The city originally included four towns in the bid, officials were leaning on Long Island City from the start, according to people familiar with the process.
In September 2017, Amazon began searching throughout North America to create a second headquarters based in Seattle. It said the new site will accommodate approximately 50,000 jobs and represent billions in investment.
Amazon closed the contest with 20 finalists in January, demanded a lot of data, and made a field trip on the second day of the whirlwind. During that time, the city impressed the company's economic development team.
A week ago we were amazed by the week before Amazon announced plans to evenly divide the two headquarters instead of choosing a city. There has been a change in plans since Amazon executives concluded that sending more than two offices would bring in more and more top talent. Half the size will help Amazon alleviate potential problems in other areas where adding houses, shipping, and tens of thousands of workers can cause problems.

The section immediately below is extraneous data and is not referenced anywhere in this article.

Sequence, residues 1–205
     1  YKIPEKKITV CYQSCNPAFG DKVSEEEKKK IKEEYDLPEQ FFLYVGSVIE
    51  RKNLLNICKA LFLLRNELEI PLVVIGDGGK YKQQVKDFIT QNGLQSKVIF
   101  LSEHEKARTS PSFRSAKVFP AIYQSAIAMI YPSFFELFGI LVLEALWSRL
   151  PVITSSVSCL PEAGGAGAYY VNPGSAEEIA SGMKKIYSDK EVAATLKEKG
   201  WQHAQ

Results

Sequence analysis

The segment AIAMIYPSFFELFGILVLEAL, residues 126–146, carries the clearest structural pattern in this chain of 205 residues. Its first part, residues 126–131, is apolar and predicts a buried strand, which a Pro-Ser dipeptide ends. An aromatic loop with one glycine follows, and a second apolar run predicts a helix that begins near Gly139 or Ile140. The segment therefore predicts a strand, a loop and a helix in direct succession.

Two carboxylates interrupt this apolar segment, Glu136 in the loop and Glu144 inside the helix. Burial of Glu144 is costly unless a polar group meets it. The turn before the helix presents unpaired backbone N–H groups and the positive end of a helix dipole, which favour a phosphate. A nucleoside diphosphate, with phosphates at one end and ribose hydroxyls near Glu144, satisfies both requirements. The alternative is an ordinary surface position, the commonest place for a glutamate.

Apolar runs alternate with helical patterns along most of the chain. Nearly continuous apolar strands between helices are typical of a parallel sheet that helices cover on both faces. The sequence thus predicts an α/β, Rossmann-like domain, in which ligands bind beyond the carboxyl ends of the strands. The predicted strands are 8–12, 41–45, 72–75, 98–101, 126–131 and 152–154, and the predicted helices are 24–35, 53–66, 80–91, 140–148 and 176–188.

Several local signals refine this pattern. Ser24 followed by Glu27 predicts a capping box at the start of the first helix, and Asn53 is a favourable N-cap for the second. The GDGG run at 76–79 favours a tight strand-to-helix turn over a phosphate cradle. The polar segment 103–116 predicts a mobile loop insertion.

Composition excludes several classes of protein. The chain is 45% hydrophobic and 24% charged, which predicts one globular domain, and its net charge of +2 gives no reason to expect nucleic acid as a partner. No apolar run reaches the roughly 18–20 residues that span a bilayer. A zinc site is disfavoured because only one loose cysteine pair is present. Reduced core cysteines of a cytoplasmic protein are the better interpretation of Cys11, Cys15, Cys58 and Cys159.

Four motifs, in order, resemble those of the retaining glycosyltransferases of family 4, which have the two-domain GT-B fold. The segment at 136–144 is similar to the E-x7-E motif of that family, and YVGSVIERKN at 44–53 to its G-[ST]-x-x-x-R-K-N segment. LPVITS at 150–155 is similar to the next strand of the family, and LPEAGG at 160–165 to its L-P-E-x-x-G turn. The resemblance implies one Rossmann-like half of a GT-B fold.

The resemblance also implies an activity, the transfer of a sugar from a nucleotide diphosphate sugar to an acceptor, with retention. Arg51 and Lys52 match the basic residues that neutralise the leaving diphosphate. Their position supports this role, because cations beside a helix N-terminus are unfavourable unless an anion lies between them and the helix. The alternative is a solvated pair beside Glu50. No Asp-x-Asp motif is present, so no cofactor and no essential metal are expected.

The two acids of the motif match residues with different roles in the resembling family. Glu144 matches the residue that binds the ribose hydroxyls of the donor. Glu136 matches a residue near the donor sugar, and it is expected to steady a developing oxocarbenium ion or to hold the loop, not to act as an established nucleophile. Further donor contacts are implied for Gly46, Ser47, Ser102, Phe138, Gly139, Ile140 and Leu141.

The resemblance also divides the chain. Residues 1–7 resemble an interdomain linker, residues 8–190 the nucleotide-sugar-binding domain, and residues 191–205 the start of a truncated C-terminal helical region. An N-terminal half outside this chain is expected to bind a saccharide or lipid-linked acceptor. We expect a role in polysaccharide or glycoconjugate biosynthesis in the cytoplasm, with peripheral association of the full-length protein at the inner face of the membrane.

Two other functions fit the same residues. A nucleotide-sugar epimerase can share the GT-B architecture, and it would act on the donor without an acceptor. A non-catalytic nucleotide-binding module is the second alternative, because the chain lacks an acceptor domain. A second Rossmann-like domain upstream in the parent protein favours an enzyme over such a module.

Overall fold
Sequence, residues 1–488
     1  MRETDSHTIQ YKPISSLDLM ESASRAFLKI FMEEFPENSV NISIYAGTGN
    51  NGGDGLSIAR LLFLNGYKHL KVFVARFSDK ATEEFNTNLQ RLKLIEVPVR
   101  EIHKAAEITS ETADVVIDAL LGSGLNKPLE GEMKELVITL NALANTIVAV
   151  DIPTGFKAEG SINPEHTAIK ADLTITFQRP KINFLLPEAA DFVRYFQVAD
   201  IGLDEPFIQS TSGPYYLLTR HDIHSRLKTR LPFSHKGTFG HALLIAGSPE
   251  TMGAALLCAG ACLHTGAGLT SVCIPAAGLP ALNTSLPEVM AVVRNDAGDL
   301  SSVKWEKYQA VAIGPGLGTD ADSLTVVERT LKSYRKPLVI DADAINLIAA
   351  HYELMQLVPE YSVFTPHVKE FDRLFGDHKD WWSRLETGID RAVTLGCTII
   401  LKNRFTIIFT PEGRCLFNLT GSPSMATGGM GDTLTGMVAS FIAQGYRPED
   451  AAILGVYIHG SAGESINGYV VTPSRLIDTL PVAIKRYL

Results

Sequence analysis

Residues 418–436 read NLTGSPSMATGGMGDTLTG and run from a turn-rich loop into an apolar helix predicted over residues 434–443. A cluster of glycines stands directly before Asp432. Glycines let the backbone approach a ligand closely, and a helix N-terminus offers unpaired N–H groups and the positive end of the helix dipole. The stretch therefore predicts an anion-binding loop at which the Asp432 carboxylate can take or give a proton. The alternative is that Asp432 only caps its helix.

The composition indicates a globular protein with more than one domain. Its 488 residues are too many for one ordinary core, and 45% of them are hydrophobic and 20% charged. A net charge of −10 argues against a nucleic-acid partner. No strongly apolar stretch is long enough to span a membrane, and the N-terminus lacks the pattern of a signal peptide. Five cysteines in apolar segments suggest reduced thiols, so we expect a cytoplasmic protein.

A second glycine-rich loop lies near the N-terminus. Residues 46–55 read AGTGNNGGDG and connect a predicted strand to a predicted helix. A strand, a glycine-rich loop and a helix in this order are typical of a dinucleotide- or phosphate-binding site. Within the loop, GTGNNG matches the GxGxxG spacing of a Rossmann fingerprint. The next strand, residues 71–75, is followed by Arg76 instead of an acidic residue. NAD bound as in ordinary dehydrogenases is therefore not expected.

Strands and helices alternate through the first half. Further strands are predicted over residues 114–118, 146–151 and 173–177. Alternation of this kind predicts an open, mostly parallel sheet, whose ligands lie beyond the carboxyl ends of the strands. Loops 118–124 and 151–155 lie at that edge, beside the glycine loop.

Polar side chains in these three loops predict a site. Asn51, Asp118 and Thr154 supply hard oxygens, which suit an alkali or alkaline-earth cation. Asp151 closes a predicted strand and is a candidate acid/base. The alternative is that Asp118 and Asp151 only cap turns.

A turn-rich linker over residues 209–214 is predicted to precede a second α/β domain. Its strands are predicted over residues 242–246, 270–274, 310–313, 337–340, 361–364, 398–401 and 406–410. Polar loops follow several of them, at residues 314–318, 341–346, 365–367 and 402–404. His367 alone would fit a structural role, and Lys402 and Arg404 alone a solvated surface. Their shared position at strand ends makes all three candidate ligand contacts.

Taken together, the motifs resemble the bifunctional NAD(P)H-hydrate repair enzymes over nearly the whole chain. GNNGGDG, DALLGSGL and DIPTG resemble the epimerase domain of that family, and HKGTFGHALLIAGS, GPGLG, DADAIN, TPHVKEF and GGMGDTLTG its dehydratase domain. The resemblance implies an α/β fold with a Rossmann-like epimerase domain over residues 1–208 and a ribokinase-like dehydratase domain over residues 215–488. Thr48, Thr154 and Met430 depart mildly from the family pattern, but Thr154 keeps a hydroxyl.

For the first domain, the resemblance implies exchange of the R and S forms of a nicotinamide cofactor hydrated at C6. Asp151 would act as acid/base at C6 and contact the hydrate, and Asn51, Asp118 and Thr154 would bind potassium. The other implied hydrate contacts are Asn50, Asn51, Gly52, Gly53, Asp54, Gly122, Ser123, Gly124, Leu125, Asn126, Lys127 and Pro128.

The decision to separate what was considered to be one of the biggest economic development projects in recent history has led to criticism of Amazon's original intentions, but it is also a new hope. Some municipal officials said they would make proposals to meet their needs and others said they thought city opportunities had increased
Two new locations were questioned about how similar it is to the current Seattle base in Amazon, currently employing more than 45,000 employees.
Jason Andrew Wall Street Journal
Washington D.C. Metro line